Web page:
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Whats wrong with this picture?

  1. Jun 3, 2005 #1
    Someone please tell me why if the photon has no charge or mass, it is modeled as having an E and B field component?...

    An Electric or Magnetic field is created by a moving charge, obviously if the photon has no charge this makes no sense. Look up the definitions of electric field and magnetic field, magnetism ect. Tell me where you see it fit to associate such directly with the photon cause I just dont see it if the photon has no charge or mass.

    Electrons on the other hand are clearly the correct particle to attribute ElectroMagnetism to.

    The photon as it is can only be indirectly associated with EM, such that perhaps its intricate spin and other such properties or internal structure are information varibles that when the photon is incident on an Electron that information is translated into a physical change in the Electron; so in the context of many photons incident on many Electrons is a change in the Electric or Magnetic field... I mean its Electrons themselves that are ElectroMagnetism, you just cant have it both ways, as Ive said before, Electrons are the only particle with a charge or mass that can directly affect other particles with a charge or mass.

    Ok so explain to me why the photon has no mass or charge. Interaction of any kind whatsoever logically requires at minimum a charge or mass... In other words explain to me otherwise how something with no mass or charge excerts physical change in another object. Knowing that the above example I gave requires such also.

    Explain to me why the photon having energy GR says it can be affected by gravity... What the hell is "energy"? That word means nothing to me.

    Does anyone else believe in the statement "either something (a particle) has mass and exsists or it does not have mass and does not exist"? I associate "energy" with the later. No, energy can only be a property or measurement of quantity, a property of an object which has mass; so its not that gravity can effect it based on it having energy but based on the fact it has mass and exsists.

    How can something (a photon or gluon) exsist in absense of a physical componet (mass with geometry)?

    Do you really want me to accept the definition of the Electron as a "point like object" which has no concieveable geometry? I hope not...I really do. Instead tell me that our instruments cannot possibly resolve such, thats all you need to say, and that makes perfect sense to me. But dont ever try and tell me it has no geometry.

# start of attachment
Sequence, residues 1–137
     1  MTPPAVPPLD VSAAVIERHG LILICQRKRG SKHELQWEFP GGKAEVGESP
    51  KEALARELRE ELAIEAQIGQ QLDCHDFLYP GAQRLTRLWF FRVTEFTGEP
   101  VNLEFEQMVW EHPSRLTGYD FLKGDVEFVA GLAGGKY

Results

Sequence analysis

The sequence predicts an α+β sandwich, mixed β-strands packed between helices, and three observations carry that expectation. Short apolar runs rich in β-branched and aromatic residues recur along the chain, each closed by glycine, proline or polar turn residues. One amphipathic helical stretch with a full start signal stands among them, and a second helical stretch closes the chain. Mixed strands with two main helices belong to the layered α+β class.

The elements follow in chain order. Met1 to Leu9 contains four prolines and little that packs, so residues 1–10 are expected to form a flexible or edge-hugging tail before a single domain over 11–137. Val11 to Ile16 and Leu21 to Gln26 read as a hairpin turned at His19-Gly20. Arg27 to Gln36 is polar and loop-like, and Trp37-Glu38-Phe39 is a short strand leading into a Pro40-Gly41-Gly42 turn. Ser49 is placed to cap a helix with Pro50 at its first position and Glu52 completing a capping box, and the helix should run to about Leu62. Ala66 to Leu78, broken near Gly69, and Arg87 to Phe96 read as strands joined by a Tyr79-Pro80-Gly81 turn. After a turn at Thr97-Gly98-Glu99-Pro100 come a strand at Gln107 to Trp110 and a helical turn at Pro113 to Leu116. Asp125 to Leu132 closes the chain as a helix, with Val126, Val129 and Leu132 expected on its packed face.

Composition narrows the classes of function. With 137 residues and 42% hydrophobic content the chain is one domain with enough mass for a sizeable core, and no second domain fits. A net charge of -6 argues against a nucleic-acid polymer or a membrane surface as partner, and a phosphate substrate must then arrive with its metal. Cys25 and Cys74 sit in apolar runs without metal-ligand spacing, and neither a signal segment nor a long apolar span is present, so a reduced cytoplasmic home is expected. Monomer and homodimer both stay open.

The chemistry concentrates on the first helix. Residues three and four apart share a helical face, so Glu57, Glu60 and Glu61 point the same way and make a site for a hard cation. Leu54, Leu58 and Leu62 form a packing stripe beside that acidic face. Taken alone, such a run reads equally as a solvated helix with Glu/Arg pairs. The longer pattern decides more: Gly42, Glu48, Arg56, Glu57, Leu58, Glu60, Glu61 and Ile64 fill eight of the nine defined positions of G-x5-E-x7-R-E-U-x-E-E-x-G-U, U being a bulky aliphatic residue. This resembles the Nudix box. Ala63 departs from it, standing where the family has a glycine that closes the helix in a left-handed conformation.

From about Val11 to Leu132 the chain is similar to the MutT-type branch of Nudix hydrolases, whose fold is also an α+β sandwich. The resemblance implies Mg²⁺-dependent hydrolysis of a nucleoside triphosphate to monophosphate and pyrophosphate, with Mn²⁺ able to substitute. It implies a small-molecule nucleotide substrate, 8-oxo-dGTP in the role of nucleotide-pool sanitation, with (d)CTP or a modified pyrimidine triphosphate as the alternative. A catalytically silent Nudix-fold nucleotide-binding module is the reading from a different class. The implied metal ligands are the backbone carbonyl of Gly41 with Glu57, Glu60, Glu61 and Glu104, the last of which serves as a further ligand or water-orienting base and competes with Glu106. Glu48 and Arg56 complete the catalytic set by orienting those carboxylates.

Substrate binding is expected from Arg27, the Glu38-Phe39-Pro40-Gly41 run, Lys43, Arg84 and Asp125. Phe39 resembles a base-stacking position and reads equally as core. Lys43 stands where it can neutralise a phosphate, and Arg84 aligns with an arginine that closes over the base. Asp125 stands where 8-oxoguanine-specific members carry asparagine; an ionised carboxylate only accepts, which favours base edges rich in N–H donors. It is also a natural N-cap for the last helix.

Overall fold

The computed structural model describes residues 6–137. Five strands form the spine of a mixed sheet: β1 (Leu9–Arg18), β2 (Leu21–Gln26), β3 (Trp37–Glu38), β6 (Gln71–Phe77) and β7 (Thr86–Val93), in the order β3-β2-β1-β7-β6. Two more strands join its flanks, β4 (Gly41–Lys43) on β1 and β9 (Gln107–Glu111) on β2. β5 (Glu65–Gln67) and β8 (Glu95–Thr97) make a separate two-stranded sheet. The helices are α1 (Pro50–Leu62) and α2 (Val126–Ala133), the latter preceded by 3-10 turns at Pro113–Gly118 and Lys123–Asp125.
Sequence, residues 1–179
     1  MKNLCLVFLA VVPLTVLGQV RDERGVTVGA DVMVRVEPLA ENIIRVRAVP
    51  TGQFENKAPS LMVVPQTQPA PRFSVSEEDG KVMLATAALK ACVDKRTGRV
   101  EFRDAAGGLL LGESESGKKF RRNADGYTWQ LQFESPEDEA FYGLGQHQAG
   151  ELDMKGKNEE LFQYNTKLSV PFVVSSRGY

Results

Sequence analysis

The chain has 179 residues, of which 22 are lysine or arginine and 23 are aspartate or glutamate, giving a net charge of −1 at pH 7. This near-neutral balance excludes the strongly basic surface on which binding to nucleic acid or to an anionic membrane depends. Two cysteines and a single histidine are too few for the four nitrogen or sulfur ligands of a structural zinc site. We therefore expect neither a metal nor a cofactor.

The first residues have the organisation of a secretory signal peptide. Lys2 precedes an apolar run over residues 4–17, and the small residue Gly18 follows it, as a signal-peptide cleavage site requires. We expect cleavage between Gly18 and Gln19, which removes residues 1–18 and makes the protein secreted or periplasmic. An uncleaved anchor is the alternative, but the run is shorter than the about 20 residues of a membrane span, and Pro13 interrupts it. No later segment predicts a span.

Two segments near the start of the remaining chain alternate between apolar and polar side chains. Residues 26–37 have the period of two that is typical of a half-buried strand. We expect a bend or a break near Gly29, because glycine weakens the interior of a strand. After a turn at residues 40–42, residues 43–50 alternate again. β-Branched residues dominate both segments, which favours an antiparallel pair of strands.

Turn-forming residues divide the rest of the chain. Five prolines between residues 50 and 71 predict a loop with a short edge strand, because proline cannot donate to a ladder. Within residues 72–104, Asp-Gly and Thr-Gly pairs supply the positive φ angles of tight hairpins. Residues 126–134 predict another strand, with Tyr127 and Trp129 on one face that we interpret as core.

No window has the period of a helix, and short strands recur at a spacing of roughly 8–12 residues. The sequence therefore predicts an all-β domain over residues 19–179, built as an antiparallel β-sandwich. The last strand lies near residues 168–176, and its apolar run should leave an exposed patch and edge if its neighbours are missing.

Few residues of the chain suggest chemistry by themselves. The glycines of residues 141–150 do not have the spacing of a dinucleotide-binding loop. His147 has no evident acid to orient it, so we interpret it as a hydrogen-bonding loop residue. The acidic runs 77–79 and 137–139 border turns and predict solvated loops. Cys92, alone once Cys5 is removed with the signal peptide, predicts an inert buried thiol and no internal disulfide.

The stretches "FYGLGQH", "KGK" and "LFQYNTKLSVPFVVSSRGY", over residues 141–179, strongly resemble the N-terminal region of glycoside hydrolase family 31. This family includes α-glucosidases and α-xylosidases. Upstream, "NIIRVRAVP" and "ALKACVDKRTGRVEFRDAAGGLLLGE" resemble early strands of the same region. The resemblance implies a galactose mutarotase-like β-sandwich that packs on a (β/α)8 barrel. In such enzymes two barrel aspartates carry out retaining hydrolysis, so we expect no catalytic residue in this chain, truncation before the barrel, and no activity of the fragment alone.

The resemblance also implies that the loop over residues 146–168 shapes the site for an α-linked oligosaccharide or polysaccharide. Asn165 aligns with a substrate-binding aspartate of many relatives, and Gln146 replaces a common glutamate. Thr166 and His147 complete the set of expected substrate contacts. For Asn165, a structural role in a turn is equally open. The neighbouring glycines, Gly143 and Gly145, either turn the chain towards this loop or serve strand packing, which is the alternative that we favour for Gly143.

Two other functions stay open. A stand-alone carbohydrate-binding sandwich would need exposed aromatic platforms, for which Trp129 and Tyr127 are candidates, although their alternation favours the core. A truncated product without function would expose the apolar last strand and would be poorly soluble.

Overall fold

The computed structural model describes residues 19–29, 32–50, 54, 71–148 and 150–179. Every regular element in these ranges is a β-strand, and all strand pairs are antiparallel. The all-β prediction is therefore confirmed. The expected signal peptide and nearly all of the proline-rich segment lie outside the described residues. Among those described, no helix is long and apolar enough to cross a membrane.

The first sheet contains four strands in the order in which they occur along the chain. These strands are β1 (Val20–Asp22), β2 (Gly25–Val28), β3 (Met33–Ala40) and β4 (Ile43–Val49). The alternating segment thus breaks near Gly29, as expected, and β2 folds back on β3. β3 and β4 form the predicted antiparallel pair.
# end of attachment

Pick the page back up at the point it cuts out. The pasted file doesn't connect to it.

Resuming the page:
Spin is one of those interesting topics in QM too because people try to avoid the idea of some particles having physical geometry which would logically be required for it to have intricate angular momentum (a rotating sphere).

    Enough for now, I dont even want to get into what are waves.

    Does anyone here believe in magic?
     
  2. jcsd
  3. Jun 3, 2005 #2
    I think you have a lot of concepts confused. I think the best place to start would be with the following question.

    Can you explain to me the difference between mass and energy? And tell me of an experiment where you can distinguish that difference.
     
  4. Jun 3, 2005 #3
    To be simple: you know the mass and the charge of an electron (m,e). These constants are not changed by the interaction (classical view). Hence the photon that exchange the (energy, momentum) between the particle and the electromagnetic field may not carry charge nor mass.


    To be simple. The photon has a momentum. Therefore it gravity may change this momentum (mainly the direction in simple schemes).


    Seratend.

    Once, you leave the mathematical explaination of a phenomenom, you can create your own description and call it magic if you want. : )

    Seratend.
     
  5. Jun 3, 2005 #4

    chroot

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    Yes, yes, that's right -- go ahead and attack physics before learning any of it.

    An oscillating charge produces an oscillating disturbance in both the electric and magnetic fields (the E and M fields are really two sides of the same coin, and you cannot disturb one without disturbing the other).

    Such oscillating disturbances in the E and M fields can be called simply "electromagnetic waves," and often are. Particularly when the wavelengths are very long as compared to your measurement instruments, or when they are emitted in a continuous, coherent beam by a laser, they seem wholly wave-like. A radio wave can be meters in wavelength, and, if you could see it, the carrier of a radio station would appear almost like a standing wave that permeates space -- not very much like a particle at all.

    On the other hand, consider a very brief "burst" of an electromagnetic disturbance -- one that looks more like the sinc function (http://mathworld.wolfram.com/SincFunction.html). Such a burst has a very strong central peak, and its amplitude falls off sharply only a very short distance from the peak. It's certainly still an electromagnetic wave, but now almost all of its energy is in a small volume of space. In fact, it behaves exactly as a "particle" would -- it can penetrate some kinds of barriers without changing its shape much, it doesn't diffract much even when passing small obstacles, and so on.

    That's it. That's the difference between a "wave" and a "particle" in the quantum-mechanical sense. Something "wave-like," such as a radio station carrier, has a well-defined wavelength but a poorly defined location. A standing wave exists everywhere inside a cavity. A very strongly peaked wave, however, has a well-defined location, but a poorly-defined wavelength. When such a strongly peaked wave interacts with matter, it behaves exactly as you'd expect a particle to behave. A burst of high-frequency oscillations, like an x-ray produced by nuclear decay, behaves very much more like a particle than the radio station's carrier does, but it's all the same stuff.